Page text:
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July 17, 2013

New England Hurricane Awareness Week
Posted by Jim Macdonald at 11:02 PM *

The National Weather Service has declared the week of July 15th through 19th, Hurricane Awareness Week in New England.

Here in New Hampshire we expect a category 1 hurricane once ever 30 years, a category 2 once every 150 years, and a category 3 once every 400 years. Notwithstanding that we’ve had two category 3 storms in the past century (the Hurricane of ‘38 and Hurricane Carol in ‘54).

National Hurricane Awareness Week was May 26 to June 1 of this year. NOAA has many useful links, including the Tropical Cyclone Preparedness Guide (.pdf) in English and Spanish. Notice where they say, for Category 3, “Devastating damage will occur” and for Category 4-5 “Catastrophic damage will occur.” They mean that.

I recall, back in the early ‘sixties, seeing a Civil Defense pamphlet for dealing with Nuclear War. A couple of illustrations in that showed a guy lying in a hammock, sipping a tall cool drink through a straw, captioned “Time, but No Plan.” On the facing page was an illustration of a fellow who had placed a door against the outside foundation of his house so that it formed one side of a triangular prism; he’s shoveling dirt onto the top of this arrangement while a mushroom cloud looms on the horizon behind him. This one was captioned “A Plan, but No Time.”

The threat of nuclear war made a big impression on anyone who remembers the ‘sixties. Nuclear war, it turned out, didn’t come. But I promise you that hurricanes and other damaging weather will come. This year. You’ve got time. Make a plan.

FEMA has a good webpage too: Among the links there is the one to Ready.Gov Hurricanes. That one contains specific advice for concrete action to take before, during, and after hurricanes.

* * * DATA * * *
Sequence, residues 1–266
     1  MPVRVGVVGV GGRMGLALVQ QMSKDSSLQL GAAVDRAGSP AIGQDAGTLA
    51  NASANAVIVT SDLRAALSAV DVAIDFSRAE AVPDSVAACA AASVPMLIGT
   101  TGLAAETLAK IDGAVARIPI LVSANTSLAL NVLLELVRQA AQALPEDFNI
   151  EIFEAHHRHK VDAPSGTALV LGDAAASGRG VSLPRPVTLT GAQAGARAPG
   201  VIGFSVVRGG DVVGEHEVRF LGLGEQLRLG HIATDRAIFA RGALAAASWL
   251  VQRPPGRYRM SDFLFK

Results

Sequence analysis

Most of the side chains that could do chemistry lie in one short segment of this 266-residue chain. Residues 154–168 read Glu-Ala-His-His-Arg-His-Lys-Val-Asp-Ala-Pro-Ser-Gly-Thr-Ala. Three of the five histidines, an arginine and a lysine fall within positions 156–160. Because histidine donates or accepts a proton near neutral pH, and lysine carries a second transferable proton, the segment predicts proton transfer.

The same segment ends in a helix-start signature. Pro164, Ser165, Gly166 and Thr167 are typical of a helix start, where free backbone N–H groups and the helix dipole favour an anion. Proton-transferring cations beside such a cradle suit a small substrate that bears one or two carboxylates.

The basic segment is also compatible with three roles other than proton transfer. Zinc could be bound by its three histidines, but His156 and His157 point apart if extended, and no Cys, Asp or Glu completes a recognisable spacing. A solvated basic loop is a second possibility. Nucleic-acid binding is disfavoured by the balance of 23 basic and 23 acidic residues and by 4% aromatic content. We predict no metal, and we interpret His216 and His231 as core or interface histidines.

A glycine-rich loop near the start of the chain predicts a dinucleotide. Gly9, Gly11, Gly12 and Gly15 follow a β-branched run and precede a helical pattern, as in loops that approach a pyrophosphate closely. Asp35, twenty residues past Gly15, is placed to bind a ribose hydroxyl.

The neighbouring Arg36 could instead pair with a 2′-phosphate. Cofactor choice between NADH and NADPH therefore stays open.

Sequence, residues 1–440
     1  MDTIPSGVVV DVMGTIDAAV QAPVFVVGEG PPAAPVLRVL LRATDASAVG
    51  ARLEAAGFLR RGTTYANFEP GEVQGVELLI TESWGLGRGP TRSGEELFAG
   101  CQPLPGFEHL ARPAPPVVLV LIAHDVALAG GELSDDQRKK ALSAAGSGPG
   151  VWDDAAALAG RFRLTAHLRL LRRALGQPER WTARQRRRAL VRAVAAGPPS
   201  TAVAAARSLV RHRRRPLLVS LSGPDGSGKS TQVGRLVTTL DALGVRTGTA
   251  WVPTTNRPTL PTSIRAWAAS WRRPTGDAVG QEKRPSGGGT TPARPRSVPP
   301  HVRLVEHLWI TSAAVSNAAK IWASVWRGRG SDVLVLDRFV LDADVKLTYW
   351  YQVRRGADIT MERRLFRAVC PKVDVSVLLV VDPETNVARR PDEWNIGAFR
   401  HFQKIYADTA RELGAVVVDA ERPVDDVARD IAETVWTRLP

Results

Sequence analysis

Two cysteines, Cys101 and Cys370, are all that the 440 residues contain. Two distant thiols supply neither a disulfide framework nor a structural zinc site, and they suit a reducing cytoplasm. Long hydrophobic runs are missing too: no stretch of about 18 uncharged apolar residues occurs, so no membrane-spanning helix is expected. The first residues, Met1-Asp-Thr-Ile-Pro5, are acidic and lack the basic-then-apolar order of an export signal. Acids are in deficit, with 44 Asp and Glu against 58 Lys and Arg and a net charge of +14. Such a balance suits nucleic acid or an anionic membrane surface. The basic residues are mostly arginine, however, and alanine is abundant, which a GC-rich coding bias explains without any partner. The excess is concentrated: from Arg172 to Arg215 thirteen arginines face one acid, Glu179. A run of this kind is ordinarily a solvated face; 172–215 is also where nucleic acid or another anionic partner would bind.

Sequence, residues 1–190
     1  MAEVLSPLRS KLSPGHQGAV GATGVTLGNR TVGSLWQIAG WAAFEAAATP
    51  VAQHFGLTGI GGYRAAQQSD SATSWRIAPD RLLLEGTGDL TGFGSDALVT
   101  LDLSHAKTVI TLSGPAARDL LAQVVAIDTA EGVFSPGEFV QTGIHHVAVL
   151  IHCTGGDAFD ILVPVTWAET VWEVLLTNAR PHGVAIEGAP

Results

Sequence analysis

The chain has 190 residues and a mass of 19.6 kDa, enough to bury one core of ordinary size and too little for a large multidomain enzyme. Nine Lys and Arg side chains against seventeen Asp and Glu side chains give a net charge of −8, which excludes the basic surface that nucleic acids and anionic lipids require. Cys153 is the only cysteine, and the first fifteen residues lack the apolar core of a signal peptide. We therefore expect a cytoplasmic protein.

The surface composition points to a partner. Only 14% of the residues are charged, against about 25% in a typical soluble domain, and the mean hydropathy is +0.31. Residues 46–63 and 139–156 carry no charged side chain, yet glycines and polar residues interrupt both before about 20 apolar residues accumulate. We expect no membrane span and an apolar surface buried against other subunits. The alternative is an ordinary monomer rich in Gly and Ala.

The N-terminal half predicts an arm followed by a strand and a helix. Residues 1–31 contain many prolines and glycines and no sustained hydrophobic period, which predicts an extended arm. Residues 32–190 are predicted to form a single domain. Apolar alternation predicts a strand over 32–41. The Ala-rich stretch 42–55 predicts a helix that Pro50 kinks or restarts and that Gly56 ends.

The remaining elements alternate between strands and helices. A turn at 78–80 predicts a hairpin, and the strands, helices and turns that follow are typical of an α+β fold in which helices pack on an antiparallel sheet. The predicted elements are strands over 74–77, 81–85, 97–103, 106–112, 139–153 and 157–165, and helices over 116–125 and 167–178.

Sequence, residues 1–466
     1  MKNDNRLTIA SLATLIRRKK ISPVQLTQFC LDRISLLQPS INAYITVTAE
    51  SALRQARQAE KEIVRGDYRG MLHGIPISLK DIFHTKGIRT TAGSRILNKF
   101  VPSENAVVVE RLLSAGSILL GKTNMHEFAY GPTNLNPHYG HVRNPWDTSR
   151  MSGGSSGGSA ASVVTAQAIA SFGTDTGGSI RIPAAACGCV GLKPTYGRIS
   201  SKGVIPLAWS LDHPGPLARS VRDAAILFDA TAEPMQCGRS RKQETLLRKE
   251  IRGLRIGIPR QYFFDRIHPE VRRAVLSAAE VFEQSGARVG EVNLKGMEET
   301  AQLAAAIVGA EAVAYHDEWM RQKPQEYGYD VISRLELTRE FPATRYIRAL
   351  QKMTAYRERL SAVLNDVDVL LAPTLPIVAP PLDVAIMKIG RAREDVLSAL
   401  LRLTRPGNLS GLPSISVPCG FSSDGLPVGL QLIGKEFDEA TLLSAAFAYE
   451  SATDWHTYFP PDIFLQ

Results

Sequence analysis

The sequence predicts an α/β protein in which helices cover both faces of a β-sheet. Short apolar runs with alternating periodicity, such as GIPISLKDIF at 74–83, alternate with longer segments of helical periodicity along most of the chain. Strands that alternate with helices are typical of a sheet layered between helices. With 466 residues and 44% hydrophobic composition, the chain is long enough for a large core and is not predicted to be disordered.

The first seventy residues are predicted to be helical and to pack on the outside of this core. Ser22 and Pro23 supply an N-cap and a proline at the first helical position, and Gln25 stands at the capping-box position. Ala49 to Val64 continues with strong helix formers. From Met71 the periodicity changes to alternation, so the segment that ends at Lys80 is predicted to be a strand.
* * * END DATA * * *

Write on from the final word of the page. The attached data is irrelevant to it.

FEMA recommends that folk know their risk, take appropriate action, and be an example to others. I concur. So, do that.

We’ve discussed hurricanes at Making Light before, particularly around Katrina, Irene, and Sandy. Here are some of those links:

As always, follow the links and read the comment threads.

If you don’t have your Weather Radio yet, for the love of Benji, why not?

Be aware that the highest winds are usually to the right of a hurricane’s track while the heaviest rains are usually to the left of track.

Saffir-Simpson hurricane scale
Category DefinitionEffects
1 winds: 74-95 mph (64-82 kt)  No real damage to well-constructed buildings. Damage primarily to poorly constructed buildings and unanchored Mobile homes, shrubbery, and trees. Also, some coastal flooding and minor pier damage is possible.
Examples: Irene 1999 and Allison 1995.
2 winds: 96-110 mph (83-95 kt)  Some damage to building roofs, doors, and windows. Considerable damage to vegetation, Mobile homes, etc. Flooding damages piers and small craft in unprotected moorings may break their moorings.
Examples: Bonnie 1998, Georges (FL & LA) 1998 and Gloria 1985.
3 winds: 111-129 mph (96-112 kt)  Some structural damage to small residences and utility buildings, with a minor amount of curtain-wall failures. Mobile homes are destroyed. Flooding near the coast destroys smaller structures with larger structures damaged by floating debris. Terrain may be flooded well inland.
Examples: Katrina 2005, Fran 1996, Opal 1995, Alicia 1983 and Betsy 1965
4 winds: 130-156 mph (113-136 kt)  More extensive curtain-wall failures with some complete roof structure failure on small residences. Major erosion of beach areas. Terrain may be flooded well inland.
Examples: Hugo 1989 and Donna 1960
5 winds: 157+ mph (137+ kt)  Complete roof failure on many residences and Industrial buildings. Some complete building failures with small utility buildings blown over or away. Flooding causes major damage to lower floors of all structures near the shoreline. Massive evacuation of residential areas may be required.
Examples: Andrew (Florida) 1992, Camille 1969 and Labor Day-Florida Keys 1935

Stay safe, everyone.

Comments on New England Hurricane Awareness Week :
#1 ::: xeger ::: (view all by) ::: July 17, 2013, 11:49 PM:

That reminds me to make the feline go-bags than Marilyee(sp?) suggested -- and that our friends are always with us in memory.

#2 ::: Terry Karney ::: (view all by) ::: July 18, 2013, 10:31 AM: